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An analogue of (-)-cannabidiol, O-2654 (604) has recently been disclosed as a high-affinity CB1 antagonist ligand [350]. Compound (604) was found to be significantly more potent (Ki = 114 nM) than cannabidiol (Ki = 4.9 mM) in the displacement of tritium-labelled CP 55,940 in mouse brain tissues. The value obtained for (604), while less potent than that reported for (382) (1.98-12.3 nM), is comparable with the early Lilly antagonist LY320135 (Ki = 141 nM) [351]. In addition, (604) was found to antagonise WIN 55,2122 by competing with the agonist for the CB1 receptors. Unlike (382), the cannabidiol analogue is thought to behave as a neutral antagonist.

A recent patent application from Roche [352] described a 2-amino-benzothiazole series. Roche claimed that compound (605) exhibited an IC50 value of 0.73 mM at CBi, and showed in excess of 10-fold selectivity over the CB2 receptor. The compounds were described as being of potential use in the treatment of a range of diseases, including CNS and psychiatric disorders, type-2 diabetes, gastrointestinal diseases, cardiovascular disorders, infertility disorders, inflammation, cancer, atherosclerosis, cerebral vascular incidents and cranial trauma.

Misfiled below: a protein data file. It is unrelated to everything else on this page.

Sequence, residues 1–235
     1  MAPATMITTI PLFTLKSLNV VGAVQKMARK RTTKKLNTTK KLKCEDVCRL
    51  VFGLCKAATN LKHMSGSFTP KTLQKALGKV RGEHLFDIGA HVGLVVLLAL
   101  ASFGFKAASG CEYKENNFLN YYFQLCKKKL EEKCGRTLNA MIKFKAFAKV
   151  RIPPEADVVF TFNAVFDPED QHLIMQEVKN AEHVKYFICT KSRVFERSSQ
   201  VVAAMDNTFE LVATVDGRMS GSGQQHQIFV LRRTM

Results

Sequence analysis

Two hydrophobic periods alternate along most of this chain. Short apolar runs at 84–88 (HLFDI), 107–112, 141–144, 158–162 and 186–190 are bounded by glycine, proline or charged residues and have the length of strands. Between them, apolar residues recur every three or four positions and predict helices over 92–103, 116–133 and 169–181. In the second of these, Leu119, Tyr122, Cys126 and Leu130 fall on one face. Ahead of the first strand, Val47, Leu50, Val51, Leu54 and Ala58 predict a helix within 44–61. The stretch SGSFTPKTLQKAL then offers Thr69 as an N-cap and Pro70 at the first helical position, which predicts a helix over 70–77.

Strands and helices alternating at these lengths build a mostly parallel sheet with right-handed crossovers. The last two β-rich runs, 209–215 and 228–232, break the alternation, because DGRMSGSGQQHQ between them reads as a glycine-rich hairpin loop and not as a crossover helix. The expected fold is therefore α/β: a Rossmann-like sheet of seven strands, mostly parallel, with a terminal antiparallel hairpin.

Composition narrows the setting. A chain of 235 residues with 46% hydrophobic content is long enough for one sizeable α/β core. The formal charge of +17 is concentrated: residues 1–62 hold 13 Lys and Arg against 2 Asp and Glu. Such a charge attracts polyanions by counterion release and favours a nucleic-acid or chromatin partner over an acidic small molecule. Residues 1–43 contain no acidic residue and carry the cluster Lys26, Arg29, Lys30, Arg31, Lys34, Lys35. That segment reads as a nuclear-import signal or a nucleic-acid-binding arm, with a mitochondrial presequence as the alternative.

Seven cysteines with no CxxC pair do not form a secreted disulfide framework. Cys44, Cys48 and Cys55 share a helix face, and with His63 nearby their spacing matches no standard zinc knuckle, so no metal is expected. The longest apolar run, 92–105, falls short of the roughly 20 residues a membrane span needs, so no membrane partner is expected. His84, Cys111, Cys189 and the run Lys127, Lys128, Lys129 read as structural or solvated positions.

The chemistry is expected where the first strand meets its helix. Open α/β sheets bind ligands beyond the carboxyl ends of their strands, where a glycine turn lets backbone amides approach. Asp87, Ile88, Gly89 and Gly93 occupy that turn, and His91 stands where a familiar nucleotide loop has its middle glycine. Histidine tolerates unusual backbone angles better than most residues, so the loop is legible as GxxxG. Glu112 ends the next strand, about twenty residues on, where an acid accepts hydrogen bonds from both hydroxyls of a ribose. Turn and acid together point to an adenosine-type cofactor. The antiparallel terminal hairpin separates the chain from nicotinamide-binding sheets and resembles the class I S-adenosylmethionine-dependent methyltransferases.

A series of 12 tetrahydroquinoline compounds, functioning as antagonists or inverse agonists of the CB1 receptor, has been disclosed [353]. The requisite three hydrophobic groups, in the example (606), three unsubstituted phenyl groups are present, as is an adjacent hydrogen-bond acceptor (either the 2-oxo group of the central heterocycle, or the sulfonamide oxygen). A sulfonamide moiety was also present in a patent application, which at the time of writing is the most recent disclosure from Merck and Co. [354]. Again, a branched butyl chain forms the backbone from which two aryl groups are appended (607). CB1 functional activity for the compounds was claimed to be lower than 1 mM while the CB2 functional activity was reported to be higher than 1 mM.